For just the second time since the recession began in December 2007, the regional unemployment rate has fallen, albeit slightly, the U.S. Labor Department said today.
The rate dropped to 7.6 percent in April from 8.0 percent in March.
But keep your champagne bottles corked.
What looks on the surface like an early sign of the economy turning around is really a normal seasonal aberration, said Mark Zandi, chief economist at Moody's Economy.com in West Chester.
"I would read nothing into it, zero," Zandi said.
"Everything else says we are still losing hundreds of thousands of jobs all across the country, and more and more people are becoming unemployed," he said.
Indeed, Friday, the Labor Department will release its much-anticipated national payroll report for May. Economists forecast it will show that more than 525,000 jobs were lost in May, sending the national unemployment rate to more than 9 percent.
Even so, today's figures send out tentative shoots of hope in dry federal statistics.
Here's why: The unemployment rate is really a fraction translated into a percent. The denominator is the civilian labor force, everyone of working age who has a job or wants a job and is looking.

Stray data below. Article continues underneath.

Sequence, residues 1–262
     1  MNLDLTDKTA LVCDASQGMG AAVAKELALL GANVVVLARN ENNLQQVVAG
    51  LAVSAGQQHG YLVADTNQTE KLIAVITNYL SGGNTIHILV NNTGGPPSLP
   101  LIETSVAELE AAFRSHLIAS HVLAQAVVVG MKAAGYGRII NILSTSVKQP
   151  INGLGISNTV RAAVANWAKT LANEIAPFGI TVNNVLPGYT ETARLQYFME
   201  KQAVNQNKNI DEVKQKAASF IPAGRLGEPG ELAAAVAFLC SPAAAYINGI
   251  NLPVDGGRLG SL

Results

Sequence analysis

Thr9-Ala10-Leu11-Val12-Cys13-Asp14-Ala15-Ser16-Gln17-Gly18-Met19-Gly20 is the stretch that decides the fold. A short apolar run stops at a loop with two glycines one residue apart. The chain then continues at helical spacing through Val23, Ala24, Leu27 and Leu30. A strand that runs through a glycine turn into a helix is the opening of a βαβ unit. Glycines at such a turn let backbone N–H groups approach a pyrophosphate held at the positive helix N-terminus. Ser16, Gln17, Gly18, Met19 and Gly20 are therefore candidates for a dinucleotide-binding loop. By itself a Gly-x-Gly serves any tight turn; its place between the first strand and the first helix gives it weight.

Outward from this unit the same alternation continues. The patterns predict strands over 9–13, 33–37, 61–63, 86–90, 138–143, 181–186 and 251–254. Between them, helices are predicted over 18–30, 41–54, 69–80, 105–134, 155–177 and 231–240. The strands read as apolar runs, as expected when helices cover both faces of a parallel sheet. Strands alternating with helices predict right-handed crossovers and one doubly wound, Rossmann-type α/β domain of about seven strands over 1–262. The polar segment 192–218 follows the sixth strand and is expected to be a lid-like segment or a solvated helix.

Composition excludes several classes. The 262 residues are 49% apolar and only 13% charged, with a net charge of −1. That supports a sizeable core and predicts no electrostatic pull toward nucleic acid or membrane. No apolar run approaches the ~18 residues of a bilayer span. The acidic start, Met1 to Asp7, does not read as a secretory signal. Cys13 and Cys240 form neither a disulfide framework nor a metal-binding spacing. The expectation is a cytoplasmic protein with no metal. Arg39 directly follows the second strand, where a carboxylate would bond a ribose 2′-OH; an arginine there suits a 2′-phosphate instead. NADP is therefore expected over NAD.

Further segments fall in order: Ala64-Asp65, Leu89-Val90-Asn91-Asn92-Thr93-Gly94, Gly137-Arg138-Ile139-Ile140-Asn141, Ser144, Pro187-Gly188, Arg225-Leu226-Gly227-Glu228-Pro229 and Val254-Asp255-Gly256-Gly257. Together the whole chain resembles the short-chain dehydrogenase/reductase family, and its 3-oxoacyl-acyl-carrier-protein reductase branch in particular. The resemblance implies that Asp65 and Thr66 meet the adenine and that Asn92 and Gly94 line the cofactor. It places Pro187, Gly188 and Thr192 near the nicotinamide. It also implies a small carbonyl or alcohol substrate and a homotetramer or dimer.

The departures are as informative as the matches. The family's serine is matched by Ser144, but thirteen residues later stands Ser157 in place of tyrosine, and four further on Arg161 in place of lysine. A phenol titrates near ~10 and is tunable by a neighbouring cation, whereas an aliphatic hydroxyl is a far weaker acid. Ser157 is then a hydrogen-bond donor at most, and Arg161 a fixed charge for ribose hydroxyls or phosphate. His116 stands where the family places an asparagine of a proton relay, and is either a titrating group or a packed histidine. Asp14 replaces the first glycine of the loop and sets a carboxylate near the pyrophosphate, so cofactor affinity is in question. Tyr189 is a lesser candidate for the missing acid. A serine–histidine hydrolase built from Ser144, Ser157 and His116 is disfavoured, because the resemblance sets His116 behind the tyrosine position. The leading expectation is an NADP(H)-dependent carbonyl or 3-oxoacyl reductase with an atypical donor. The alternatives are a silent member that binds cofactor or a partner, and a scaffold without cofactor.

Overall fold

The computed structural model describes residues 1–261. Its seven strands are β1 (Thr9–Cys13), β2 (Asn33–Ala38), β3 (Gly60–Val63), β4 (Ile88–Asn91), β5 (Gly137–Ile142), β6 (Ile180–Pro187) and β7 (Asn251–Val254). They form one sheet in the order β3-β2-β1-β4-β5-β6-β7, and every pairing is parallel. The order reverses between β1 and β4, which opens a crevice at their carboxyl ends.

The numerator is the number of unemployed people. If that number stays constant or shrinks while the labor force grows, the rate of unemployment falls.
In April, the denominator swells every year as seasonal workers cocooned for the winter reemerge with the warm weather to power their buzz saws and rev up their lawn mowers.
In the part of the Philadelphia area that includes Camden, Gloucester and Burlington Counties, for example, seasonal workers helped increase the April labor force to 668,100 people, up by 3,500.
At the same time, the number of unemployed declined 2,500 to 55,400 as some of those people found work.
Divide 55,400 by 668,100 and multiply by 100 and you get the April jobless rate of 8.3 percent. That's down from March's 8.7 percent.
In Philadelphia and the four surrounding Pennsylvania counties, unemployment was 7.3 percent in April, down from 7.8 percent.
The pattern has repeated itself for at least a decade.
Even the Detroit epicenter of the collapse in the automotive industry had an April decline in the unemployment rate to 14.6 percent from 14.9 percent in March.